Entity Tags: Mickey Herskowitz, John R. Bolton, Bush administration (43)

Timeline Tags: Events Leading to Iraq Invasion

Jose Bustani is removed from his position as director-general of the Organization for the Prohibition of Chemical Weapons during an unusual special session that had been called by the US. Bolton and others in the State Department’s arms-control bureau have been pressuring Bustani to resign since February (see March 2002; February 28, 2002; January 2002). They are upset about the OPCW chief’s efforts to involve the organization in the evolving dispute between the US and Iraq over the latter’s alleged arsenal of illicit weapons (see Between January 20, 2001 and June 2001). Only 113 nations of the organization’s 145 members are represented at the meeting. Of those, 15 are not eligible to vote because of outstanding membership fees. [New York Times, 7/26/2002; Associated Press, 6/5/2005] Some of the delegates, according to the Guardian, may have been paid by the US to attend. And one of the member-states, Micronesia, gave permission to the US to vote on their behalf. [Guardian, 4/23/2002] Before the vote, Bustani denounces the Bush administration’s allegations and tells the delegates that they must decide whether genuine multilateralism “will be replaced by unilateralism in a multilateral disguise.” [Organization on the Prohibition of Chemical Weapons, 4/21/2002] But the US delegation, intent on seeing that Bustani is removed, threatens to withhold US dues—22 percent of the organization’s $60 million annual budget—if Bustani remains in office. A US refusal to pay its dues would likely force the organization to close. [BBC, 4/22/2002; New York Times, 7/26/2002; Associated Press, 6/5/2005] Bustani told a reporter the week before, “The Europeans are so afraid that the US will abandon the convention that they are prepared to sacrifice my post to keep it on board.” [Guardian, 4/16/2002] Only forty-eight members—less than one-third of the total membership—vote in favor of removing Bustani. But the no-confidence vote is nonetheless successful because 43 of the delegates abstain. Only seven votes are cast in opposition. [US Department of State, 2002; Associated Press, 6/5/2005]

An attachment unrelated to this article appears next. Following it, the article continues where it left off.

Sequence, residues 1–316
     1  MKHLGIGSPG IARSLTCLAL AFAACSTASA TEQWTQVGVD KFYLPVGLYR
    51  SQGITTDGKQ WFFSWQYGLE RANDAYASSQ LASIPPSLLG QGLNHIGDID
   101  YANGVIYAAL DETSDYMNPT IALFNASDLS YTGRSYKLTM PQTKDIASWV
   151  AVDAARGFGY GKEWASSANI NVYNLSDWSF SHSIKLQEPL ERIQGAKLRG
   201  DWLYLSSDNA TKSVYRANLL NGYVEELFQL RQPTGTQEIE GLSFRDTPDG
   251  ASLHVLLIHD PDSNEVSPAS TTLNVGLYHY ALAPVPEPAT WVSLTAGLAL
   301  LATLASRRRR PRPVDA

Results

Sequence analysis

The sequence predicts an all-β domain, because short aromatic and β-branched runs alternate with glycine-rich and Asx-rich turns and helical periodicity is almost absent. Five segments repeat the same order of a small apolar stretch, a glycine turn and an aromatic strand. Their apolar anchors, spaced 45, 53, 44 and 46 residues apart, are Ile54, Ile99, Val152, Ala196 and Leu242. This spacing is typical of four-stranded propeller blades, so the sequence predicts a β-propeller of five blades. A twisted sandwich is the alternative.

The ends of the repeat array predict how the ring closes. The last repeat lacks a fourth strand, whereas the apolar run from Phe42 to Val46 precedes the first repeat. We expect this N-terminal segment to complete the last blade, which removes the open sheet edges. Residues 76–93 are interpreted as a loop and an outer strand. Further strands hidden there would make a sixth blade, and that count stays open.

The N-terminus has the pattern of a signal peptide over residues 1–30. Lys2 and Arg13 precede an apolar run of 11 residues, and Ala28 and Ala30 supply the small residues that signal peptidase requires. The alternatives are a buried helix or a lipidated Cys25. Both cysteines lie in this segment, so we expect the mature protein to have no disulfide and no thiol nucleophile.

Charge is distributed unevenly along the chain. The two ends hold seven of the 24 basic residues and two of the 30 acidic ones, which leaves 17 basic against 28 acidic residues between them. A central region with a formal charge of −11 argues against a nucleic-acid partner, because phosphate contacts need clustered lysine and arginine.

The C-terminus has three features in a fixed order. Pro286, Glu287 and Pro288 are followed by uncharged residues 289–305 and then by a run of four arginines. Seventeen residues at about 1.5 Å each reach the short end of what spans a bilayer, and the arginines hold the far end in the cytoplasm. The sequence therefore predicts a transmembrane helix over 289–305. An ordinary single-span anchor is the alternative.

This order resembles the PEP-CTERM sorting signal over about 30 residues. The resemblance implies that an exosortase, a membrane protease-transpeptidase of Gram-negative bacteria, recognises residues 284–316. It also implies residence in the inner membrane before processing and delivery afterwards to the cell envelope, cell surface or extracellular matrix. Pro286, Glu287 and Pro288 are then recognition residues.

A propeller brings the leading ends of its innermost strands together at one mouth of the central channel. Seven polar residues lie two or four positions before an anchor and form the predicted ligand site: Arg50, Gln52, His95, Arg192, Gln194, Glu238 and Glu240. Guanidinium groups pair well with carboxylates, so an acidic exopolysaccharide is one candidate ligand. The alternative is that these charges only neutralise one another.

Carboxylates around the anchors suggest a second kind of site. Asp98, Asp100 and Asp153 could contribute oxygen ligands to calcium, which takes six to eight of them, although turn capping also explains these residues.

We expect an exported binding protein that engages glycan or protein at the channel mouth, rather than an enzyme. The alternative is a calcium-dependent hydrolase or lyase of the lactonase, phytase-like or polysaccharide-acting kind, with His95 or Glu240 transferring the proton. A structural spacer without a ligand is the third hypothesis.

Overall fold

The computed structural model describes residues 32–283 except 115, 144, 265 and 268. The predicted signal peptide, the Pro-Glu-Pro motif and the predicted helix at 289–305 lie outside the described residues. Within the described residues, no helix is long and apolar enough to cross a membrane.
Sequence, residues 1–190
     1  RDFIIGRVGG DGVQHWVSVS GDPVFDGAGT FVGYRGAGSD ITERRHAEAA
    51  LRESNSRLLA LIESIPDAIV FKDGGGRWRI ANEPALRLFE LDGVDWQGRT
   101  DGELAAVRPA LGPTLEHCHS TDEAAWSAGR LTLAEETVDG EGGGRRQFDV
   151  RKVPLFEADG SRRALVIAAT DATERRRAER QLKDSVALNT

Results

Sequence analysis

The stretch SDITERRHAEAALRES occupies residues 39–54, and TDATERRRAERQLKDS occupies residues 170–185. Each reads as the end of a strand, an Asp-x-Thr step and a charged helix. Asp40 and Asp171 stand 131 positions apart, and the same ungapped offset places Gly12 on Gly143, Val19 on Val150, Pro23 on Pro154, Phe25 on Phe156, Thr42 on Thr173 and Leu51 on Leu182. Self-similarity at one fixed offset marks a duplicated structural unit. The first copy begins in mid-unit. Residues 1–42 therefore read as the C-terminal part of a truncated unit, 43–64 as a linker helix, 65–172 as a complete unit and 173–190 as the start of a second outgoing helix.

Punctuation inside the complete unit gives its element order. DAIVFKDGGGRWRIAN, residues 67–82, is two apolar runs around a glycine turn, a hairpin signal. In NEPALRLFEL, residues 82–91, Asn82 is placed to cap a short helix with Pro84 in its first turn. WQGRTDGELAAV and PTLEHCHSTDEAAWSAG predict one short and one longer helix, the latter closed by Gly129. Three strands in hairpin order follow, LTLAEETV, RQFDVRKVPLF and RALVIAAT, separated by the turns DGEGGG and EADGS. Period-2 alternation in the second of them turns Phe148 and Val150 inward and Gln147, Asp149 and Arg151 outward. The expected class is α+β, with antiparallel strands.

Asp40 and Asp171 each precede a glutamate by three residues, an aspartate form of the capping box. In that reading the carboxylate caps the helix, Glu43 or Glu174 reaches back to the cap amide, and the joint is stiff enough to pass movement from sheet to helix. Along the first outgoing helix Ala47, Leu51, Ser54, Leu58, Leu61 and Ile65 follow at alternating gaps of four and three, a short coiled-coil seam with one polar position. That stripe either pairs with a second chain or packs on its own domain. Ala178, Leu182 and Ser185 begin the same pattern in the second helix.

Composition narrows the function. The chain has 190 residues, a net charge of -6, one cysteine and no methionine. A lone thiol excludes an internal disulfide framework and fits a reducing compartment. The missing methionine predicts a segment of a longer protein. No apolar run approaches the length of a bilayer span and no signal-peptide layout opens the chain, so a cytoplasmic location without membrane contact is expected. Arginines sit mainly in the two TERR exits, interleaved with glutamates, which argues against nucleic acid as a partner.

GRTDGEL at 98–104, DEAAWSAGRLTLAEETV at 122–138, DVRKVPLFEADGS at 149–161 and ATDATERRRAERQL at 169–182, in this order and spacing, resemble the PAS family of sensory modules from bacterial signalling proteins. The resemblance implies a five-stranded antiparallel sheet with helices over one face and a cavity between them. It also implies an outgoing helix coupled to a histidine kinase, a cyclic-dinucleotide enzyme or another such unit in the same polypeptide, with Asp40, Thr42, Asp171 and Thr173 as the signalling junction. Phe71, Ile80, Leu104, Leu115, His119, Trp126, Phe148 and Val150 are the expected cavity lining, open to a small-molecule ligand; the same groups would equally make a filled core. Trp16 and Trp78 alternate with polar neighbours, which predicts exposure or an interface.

Entity Tags: Jose M. Bustani, Bush administration (43)

Timeline Tags: Events Leading to Iraq Invasion

John Bolton tells the Associated Press that Jose Bustani, the former director-general of the Organization for the Prohibition of Chemical Weapons (OPCW) who was forced from his position under pressure from Washington (see 2003), had no authority to involve the OPCW in the 2002-2003 conflict over Iraq’s alleged arsenal of illicit weapons. Iraq was “completely irrelevant” to Bustani’s responsibilities, he insists. But in an interview with the Associated Press in the spring of 2005, Ralph Earle and Avis Bohlen, both of whom worked under Bolton in the State Department’s arms-control bureau, will say the opposite. They tell the Associated Press that the enlisting of new treaty members was part of the OPCW chief’s job. But they also claim that Bustani should have consulted with Washington beforehand. [Associated Press, 6/5/2005]

Entity Tags: Jose M. Bustani, Ralph Earle, Avis Bohlen, John R. Bolton

Timeline Tags: Events Leading to Iraq Invasion